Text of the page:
<!--:es-->Saddam, back in court, accuses US of torture<!--:-->

Saddam, back in court, accuses US of torture

"I have been hit by the Americans and tortured," told Saddam

«Yes, I’ve been beaten on every place of my body and the signs are all over my body,» he added.

«We were beaten by the Americans and we were tortured, everyone of us,» he said, pointing to his seven co-accused in the dock who are being tried for the murder of some 140 Shiites killed in reprisal for an assassination attempt on the former dictator in 1982 in the town of Dujail.

Saddam has been detained by US forces since his capture two years ago.

The chief prosecutor immediately suggested that, if this were the case, he would ask US forces to hand over the defendants to the Iraqi authorities.

«Our enemy is not the American people. Our enemy is the American government which is destroying Iraq,» Saddam also said.

Saddam also described insurgents as «brave men», adding that they were doing «good work».

A senior US diplomat at the embassy in Baghdad, Christopher Reid, told CNN television the claims were «bogus».

«The claims are absolutely bogus,» he said.

«It’s a strategic move. A move that has nothing to do with reality or the truth,» he added, saying the claims came after two prosecution witnesses had spoken of how they and their relatives were beaten and tortured after being arrested in Dujail in the wake of the 1982 assassination bid.

Saddam, 68, who defiantly boycotted the last hearing two weeks ago after denouncing the legality of the tribunal and telling the judge to «go to hell», also sought to lecture the court on how the country was being «humiliated» by the judicial proceedings against him.

The trial resumed on Wednesday after a two-week break allowing for a general election to elect the first full-term government since Saddam’s repressive Baathist regime was toppled from power by the 2003 US-led invasion.

«They tortured me with electricity and I wished I could die,» said one witness who testified from behind curtains to preserve his anonymity.

During one torture session Saddam’s half-brother Barzan Tikriti, who was in charge of the secret police, «was there eating grapes and I was screaming,» said the man who was arrested, along with his family, a day after the assassination bid on Saddam.

The secret witness said he was tortured while being held for 17 days at the Dujail intelligence centre where he identified the bodies of two of his sons whom police alleged were involved in the assassination plot.

The witness and his family were later transferred to Abu Ghraib prison in Baghdad where they spent 14 months before being exiled to a desert area.

During his detention in Abu Ghraib, prison guards repeatedly abused the prisoners, beating them, the witness said.

Another witness, who testified earlier in full view of the cameras and witnesses, said he could not describe the torture he witnessed at the time.

«They would take one of us away and he would return in a sheet, dripping in blood,» said witness Ali Mohammed Hussein al-Haydari, who was 14 at the time.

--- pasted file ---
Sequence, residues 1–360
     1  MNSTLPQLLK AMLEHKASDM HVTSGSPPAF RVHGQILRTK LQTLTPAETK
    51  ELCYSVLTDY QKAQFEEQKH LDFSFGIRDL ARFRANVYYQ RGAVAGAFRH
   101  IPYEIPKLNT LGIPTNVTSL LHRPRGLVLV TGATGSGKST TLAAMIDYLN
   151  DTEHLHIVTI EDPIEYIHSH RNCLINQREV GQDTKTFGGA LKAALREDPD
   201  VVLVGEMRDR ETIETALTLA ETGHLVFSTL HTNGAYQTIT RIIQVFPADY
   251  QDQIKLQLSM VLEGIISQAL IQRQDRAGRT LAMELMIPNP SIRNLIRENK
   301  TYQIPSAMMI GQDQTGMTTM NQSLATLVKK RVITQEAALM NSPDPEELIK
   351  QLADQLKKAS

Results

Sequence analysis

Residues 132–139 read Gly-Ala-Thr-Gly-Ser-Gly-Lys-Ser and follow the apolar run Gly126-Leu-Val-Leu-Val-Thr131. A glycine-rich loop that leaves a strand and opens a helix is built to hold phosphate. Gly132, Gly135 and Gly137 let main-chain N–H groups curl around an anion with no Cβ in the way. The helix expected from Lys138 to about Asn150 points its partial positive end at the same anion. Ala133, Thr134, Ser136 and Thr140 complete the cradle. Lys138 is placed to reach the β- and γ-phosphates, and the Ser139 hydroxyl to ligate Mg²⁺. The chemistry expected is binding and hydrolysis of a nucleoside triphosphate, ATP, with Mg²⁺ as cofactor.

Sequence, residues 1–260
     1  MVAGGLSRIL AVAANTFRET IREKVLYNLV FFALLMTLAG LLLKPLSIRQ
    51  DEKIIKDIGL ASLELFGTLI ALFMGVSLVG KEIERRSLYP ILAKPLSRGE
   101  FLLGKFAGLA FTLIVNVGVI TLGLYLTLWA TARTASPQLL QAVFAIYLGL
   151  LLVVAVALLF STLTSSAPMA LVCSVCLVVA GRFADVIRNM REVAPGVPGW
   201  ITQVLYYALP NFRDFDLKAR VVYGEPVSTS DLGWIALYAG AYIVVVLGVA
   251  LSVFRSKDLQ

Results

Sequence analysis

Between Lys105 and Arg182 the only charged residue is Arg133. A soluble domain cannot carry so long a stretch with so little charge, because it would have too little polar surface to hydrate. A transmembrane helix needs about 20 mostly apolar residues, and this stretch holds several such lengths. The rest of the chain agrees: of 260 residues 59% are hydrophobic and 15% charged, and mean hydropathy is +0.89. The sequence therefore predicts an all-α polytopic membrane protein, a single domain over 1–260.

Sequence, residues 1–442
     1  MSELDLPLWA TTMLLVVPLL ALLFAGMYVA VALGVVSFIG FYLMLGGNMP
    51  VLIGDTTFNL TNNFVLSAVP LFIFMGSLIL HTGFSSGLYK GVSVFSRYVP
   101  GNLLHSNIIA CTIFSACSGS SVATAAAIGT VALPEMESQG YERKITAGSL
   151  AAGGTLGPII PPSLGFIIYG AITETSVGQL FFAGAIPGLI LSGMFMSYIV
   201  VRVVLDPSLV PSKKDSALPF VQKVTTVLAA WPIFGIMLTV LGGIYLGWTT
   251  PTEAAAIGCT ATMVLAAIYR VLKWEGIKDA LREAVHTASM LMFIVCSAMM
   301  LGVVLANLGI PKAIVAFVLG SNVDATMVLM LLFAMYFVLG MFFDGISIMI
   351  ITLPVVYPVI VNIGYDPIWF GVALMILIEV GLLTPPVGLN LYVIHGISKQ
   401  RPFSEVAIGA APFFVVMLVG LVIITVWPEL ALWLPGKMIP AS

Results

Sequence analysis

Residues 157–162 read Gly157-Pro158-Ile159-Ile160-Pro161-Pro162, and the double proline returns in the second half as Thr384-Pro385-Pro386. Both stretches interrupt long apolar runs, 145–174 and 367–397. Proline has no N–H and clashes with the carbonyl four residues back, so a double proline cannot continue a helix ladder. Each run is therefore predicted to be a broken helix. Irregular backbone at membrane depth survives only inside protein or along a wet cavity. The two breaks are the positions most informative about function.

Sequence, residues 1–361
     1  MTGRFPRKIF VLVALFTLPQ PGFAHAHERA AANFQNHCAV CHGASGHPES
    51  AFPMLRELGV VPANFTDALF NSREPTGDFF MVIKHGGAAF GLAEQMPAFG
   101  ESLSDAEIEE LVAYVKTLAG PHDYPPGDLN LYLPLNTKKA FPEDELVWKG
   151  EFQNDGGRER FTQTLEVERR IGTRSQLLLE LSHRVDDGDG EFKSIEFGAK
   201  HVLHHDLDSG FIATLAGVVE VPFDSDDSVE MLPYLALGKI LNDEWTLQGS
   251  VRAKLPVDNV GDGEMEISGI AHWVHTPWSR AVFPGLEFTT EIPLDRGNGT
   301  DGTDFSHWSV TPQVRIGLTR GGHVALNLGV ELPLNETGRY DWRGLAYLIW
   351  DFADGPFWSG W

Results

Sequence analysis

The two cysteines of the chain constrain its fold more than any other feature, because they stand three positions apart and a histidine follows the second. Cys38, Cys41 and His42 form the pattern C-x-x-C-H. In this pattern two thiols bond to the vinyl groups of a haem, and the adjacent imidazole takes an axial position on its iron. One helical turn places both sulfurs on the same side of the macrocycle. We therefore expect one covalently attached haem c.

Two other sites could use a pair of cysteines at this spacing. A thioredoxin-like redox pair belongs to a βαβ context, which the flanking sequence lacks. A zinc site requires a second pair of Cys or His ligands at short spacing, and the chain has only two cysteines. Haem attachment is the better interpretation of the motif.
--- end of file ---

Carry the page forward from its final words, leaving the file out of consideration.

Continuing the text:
Testifying just a couple of feet away from a bespectacled Saddam, who sat calmly taking notes, Haydari said he was locked up with hundreds of others in the local intelligence headquarters after the regime’s clampdown.

Saddam and his co-defendants have all pleaded not guilty to charges including murder and torture but face the death penalty if convicted.

Haydari said he recognized Barzan, who at the time was in charge of the secret police and who, he said, was involved in interrogating detainees.

At one stage as he was lying down because of sickness, «Tikriti came by and asked what was wrong with me».

«He then kicked me on the leg and told guards not to treat me, adding that none in my family was worth being kept alive,» he said.

Barzan angrily denied being involved in torture and accused the witness of lying.

«I will call my own witness whose shoe is more honourable than you and your tribe. You dog!,» he shouted at the witness.

Barzan, who said his hands were «as clean as those of Moses», also denounced the Kurdish presiding judge Rizkar Mohammed Amin, saying: «If you were a real Iraqi you would be here with us in the dock.»

Earlier, the Qatari lawyer on Saddam’s defence team once again complained about lack of security for the attorneys.

«We cannot continue with this case if there is deficiency in security,» Naji al-Nuaimi said.

«We were threatened at the airport and later put up in a house with no door to the lavatory,» he complained.

Two defence lawyers were assassinated shortly after the start of the trial on October 19.

Liable to be hanged if found guilty, Saddam, who once embodied Arab defiance of the West, is the first Middle East head of state to be tried by his own people.

The trial, however, is not expected to extend past Thursday when it is likely to be adjourned again until mid-January because of the announcement of Iraq’s election results, holidays and the Hajj, the annual pilgrimage to Mecca.

In court, Saddam demanded in vain that the trial be adjourned to allow him to say his prayers.

He then turned in his chair, facing towards Mecca, and prayed for about 10 minutes while the prosecution witness countinued to testify.